Archive for November, 2018

Description: In the 1930s, a series of crises transformed relationships between settlers and Aboriginal people in Australia’s Northern Territory. This book examines archives and texts of colonial administration to study the emergence of ideas and practices of indirect rule in this unlikely colonial situation. It demonstrates that the practice of indirect rule was everywhere an effect […]

Description: Talking Back to the Indian Act is a comprehensive “how-to” guide for engaging with primary source documents. The intent of the book is to encourage readers to develop the skills necessary to converse with primary sources in more refined and profound ways. As a piece of legislation that is central to Canada’s relationship with Indigenous […]

Abstract: Settler colonial societies provide particular challenges for the instantiation of memory policy since the settler-colonial project was driven by a logic requiring the ‘elimination’ of Indigenous peoples and their time. This very fact challenges the legitimacy of the colonial mission for a better way of life and feeds the tensions at the very core […]

Abstract: This article examines the intersection of Indigenous and Canadian ways of making and maintaining relations through the specific examples of adoption and immigration. Canada and all Indigenous societies assert the authority to re-people themselves. Unlike Canada, Indigenous peoples must do so in the face of ongoing settler colonialism. I argue that Indigenous peoples and […]

Abstract: In recent times, a conception of history education as facilitating truth, remembrance and critical thinking has been positioned as useful for transitional justice in divided societies, but this analysis has not been extended to settler states which are also characterized by prolonged division and state-administered violence. To explore this, the article draws on examples […]

Abstract: The historian Patrick Wolfe reminds us that the settler colonial logic of eliminating native societies to gain unrestricted access to their territory is not a phenomenon confined to the distant past. As Wolfe writes, “settler colonizers come to stay: invasion is a structure not an event.” In the Gulf of Carpentaria region in Australia’s […]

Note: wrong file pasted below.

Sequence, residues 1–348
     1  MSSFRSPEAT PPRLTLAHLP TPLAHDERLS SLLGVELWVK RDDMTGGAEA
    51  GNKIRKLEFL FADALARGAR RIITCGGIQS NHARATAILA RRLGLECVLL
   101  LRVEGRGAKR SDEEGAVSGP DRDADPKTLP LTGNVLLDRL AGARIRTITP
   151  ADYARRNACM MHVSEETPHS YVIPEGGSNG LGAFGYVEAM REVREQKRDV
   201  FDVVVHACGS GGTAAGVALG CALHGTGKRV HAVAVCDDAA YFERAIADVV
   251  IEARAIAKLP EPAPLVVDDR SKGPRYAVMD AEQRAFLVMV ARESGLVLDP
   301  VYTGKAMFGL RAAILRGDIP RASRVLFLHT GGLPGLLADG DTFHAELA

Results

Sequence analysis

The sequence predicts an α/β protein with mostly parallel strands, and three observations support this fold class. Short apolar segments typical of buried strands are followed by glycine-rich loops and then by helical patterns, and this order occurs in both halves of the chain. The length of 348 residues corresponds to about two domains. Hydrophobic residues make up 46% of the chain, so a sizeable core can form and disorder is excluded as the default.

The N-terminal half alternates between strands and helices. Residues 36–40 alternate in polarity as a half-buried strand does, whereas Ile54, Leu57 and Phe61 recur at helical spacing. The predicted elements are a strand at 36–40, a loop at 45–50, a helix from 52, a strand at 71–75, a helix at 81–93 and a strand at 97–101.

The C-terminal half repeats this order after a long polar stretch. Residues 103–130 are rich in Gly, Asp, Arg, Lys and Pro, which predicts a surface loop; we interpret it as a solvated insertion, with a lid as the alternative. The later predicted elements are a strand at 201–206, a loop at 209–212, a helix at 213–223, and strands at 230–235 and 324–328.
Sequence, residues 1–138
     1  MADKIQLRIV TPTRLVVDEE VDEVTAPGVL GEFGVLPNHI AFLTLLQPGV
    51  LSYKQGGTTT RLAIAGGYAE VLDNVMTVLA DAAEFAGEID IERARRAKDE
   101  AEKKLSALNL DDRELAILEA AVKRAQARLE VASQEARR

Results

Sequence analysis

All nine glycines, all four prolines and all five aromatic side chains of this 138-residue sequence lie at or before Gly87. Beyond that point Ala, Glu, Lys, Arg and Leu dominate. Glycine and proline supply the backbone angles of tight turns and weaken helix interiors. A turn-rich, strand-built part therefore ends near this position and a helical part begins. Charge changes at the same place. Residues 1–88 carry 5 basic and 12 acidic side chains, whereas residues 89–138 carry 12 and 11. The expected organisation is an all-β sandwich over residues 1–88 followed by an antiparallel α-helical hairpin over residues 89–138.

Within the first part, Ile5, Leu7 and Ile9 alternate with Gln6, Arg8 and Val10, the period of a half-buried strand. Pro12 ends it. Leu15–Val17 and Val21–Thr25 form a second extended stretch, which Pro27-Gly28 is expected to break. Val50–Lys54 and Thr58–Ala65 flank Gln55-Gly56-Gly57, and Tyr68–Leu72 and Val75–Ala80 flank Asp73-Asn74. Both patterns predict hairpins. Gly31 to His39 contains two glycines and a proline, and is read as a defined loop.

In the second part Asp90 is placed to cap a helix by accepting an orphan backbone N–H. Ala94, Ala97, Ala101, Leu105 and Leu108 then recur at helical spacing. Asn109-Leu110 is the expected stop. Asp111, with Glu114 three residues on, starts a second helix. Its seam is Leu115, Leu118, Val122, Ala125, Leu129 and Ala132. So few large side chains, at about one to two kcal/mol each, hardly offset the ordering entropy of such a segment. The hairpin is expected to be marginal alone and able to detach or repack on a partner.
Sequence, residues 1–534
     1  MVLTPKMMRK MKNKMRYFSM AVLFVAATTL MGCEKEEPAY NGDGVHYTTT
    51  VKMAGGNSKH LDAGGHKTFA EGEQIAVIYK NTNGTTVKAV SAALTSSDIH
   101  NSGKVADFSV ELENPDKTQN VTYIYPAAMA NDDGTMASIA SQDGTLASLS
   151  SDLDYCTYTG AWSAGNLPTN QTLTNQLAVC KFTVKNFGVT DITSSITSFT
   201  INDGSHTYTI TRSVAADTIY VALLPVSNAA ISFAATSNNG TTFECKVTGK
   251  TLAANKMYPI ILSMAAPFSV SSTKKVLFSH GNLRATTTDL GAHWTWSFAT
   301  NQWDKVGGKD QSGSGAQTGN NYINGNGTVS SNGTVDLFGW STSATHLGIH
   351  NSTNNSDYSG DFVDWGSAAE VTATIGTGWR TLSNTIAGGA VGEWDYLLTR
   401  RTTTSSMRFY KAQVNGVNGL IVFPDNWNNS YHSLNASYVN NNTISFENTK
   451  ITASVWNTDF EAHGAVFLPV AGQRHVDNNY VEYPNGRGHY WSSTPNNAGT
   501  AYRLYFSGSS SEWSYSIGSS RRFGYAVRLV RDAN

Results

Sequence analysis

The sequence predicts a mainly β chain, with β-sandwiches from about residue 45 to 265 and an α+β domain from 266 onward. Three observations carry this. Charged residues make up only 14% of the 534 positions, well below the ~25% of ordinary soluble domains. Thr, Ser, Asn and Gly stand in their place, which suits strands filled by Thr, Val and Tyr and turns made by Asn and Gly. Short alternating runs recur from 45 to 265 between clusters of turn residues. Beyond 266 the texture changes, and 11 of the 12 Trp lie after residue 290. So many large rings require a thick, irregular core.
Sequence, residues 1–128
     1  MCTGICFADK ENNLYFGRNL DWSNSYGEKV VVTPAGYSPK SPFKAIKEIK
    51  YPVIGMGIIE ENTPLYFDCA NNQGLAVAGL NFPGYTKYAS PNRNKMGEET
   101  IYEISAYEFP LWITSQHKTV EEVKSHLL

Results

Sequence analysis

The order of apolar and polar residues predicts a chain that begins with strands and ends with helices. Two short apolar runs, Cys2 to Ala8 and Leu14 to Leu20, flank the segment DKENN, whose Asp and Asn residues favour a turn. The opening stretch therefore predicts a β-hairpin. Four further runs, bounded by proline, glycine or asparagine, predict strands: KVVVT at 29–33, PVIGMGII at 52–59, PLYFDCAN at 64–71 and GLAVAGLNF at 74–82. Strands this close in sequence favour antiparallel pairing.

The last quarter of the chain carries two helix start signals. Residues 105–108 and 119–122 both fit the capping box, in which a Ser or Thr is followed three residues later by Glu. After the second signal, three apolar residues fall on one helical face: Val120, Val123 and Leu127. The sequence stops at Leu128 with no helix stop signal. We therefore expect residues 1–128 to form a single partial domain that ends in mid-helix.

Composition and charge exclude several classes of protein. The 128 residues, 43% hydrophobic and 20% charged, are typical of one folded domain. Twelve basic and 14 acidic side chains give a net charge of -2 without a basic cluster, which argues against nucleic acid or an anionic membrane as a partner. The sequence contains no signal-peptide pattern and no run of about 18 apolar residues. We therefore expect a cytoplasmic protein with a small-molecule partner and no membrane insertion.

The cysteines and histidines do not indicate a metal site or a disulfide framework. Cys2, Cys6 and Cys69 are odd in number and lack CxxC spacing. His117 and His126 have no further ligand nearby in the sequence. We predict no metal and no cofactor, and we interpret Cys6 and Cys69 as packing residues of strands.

Abstract: Questions over what, whether and when the Australian nation is or might be have been of consistent concern throughout most of Australia’s settler-colonial history and remain so today. In attempting to construct a national culture and identity, settler Australians, like settlers elsewhere, have invested in the establishment of a national literary tradition. This project of […]

Excerpt: Efforts to improve Indigenous-settler relations include recognizing and learning the truths of past and ongoing settler-colonialism in Canada, as well as challenging them. Access to appropriate educational resources is one important approach, as are projects that support critical, reflective and reciprocal relationship-building through the co-development of resources by teams comprised of members from Indigenous and settler communities. In this context the We are all […]

Abstract: This paper offers an original interpretation of Garibaldi’s political style and imaginary. The aim is to account for Garibaldi’s sustained engagement with the possibility of displacement as an alternative to revolution. It begins in an afternoon on a remote small island between two oceans. Garibaldi was considering his options. When he returned to Italy, he […]

Abstract: This article examines the reasoning of Canadian Supreme Court justices in the area of Aboriginal treaty rights, paying particular attention to the Grassy Narrows (2014) decision. By not only engaging with the internal logics contained within treaty rights decisions, but also by further contextualizing the decisions and comparing them to the transcripts of their […]